John Roche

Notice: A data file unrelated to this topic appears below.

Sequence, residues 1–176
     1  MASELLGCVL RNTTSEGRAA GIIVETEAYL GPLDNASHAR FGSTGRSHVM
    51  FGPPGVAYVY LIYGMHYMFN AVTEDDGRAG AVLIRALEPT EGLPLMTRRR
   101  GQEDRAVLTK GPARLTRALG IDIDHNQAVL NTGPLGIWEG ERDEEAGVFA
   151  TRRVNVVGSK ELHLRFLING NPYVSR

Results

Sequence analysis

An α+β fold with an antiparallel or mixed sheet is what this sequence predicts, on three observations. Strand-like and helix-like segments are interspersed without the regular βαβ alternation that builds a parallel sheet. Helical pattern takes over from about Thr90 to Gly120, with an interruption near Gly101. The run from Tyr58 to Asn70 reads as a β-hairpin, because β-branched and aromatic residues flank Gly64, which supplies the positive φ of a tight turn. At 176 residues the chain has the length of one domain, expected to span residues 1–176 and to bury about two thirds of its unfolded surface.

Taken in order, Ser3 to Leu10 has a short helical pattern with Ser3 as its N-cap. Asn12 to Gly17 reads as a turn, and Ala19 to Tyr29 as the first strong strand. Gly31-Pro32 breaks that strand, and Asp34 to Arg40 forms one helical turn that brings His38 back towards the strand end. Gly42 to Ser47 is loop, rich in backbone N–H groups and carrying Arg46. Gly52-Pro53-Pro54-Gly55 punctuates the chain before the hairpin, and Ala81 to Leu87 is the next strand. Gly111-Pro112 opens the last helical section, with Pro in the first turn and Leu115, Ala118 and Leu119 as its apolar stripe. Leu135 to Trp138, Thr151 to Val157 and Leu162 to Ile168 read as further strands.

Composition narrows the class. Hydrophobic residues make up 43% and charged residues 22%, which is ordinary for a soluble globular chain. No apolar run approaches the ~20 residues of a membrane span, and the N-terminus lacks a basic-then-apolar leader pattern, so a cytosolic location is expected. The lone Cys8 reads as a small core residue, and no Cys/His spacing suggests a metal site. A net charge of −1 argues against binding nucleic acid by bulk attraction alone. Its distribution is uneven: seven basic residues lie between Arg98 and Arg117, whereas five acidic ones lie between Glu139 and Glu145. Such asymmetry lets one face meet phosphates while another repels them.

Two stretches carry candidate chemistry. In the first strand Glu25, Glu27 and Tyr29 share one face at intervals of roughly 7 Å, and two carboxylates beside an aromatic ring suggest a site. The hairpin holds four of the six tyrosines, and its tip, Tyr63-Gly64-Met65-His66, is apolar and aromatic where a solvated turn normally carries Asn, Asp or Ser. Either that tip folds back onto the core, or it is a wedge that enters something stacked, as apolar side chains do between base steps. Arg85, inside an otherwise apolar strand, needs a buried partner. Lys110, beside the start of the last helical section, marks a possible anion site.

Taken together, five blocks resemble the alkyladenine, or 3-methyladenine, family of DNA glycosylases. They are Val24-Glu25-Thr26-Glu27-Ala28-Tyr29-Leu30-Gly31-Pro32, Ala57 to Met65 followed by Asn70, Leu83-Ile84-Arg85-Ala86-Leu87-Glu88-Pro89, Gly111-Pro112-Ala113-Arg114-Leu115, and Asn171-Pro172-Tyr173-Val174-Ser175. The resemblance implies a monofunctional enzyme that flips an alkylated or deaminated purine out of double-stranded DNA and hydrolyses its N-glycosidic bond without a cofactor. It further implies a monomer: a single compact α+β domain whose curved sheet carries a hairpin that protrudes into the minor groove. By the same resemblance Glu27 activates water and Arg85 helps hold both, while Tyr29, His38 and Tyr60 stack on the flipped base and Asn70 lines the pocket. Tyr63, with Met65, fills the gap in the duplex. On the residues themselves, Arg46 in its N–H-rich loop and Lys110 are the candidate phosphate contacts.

John met a number of poets associated with the Beat Movement while earning a B.A. in English from the University of Connecticut and a PhD at SUNY/Buffalo. These included Allen Ginsberg, Philip Whalen, Diane DiPrima, Ed Sanders, Michael McClure, and Anne Waldman. While at Buffalo, he studied with Robert Creeley, a groundbreaking American poet who had taught at the experimental Black Mountain College in the mid-1950s before heading to San Francisco to hang with Jack Kerouac and to NYC to collaborate with a number of avant-garde artists there. After teaching for seven years at Michigan State University, Dr. Roche took a position at Rochester Institute of Technology in 1999, taking over the creative writing and poetry classes, as well as advising duties for Signatures Magazine, from retiring professor and noted New York Beat poet Sam Abrams. While at RIT, Dr. Roche has brought a number of noted Beat poets to Rochester, including Ed Sanders, David Meltzer, and the late Janine Pommy Vega. In 2010 he organized a three-day symposium called Black Mountain North, and also served as a judge to Rochester’s Poets Walk project. John Roche has published three books of poems with FootHills (Kanona, NY), including On Conesus ((2005), Topicalities (2008),and The Joe Poems: The Continuing Saga of Joe the Poet (2012), and has also edited three collections, one a tribute calledUncensored Songs for Sam Abrams (Spuyten Duyvil, Brooklyn, 2009), another an anthology of poems by inmates at Auburn prison, and the third a memoir with poems by Black Mountain alumna Martha Rittenhouse Treichler. John Roche also published his own poetic memoir in the Kerouac tradition, called Road Ghosts (theenk Books, Palmyra, 2010), which the legendary SF Beat poet David Meltzer calls: an on-the-ground poetic document of radicalized students coming of age in the late 60s & early 70s. Its clarity of external & internal detail is often startling. Its detached camera eye lucidly documents the process of portent, pretense & Utopian fervor associated with that brief opening in U.S. dissident cultures & the generational clashes inspired by idealism, psychedelics, & quest fever. It’s a profound personal essay on being & becoming